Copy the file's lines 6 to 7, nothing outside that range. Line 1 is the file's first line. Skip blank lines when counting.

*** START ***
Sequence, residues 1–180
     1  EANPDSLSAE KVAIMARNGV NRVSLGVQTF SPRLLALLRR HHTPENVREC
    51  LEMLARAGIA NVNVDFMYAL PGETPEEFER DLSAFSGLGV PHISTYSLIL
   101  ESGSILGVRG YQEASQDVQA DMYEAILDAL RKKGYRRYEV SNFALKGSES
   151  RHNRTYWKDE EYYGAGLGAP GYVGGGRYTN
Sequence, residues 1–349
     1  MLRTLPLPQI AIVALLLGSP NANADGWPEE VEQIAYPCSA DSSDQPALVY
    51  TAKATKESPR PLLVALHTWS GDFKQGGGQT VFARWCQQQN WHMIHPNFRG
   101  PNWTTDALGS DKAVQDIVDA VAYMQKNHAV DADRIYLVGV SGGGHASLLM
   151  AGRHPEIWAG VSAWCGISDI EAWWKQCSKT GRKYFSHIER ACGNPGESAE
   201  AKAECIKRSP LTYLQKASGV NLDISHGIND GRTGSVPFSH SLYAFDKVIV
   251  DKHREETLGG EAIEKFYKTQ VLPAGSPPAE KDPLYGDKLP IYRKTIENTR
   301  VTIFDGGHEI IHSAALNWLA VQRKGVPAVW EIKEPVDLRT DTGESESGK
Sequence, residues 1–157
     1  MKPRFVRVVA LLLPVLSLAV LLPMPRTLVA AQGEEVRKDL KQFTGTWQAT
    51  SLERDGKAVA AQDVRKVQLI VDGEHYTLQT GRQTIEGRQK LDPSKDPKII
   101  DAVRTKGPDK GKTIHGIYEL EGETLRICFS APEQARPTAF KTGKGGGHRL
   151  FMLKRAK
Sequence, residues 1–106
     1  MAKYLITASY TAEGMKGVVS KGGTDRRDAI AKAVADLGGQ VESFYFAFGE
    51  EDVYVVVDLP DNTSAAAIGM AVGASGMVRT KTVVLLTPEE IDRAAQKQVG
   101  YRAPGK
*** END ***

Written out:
Sequence, residues 1–349
     1  MLRTLPLPQI AIVALLLGSP NANADGWPEE VEQIAYPCSA DSSDQPALVY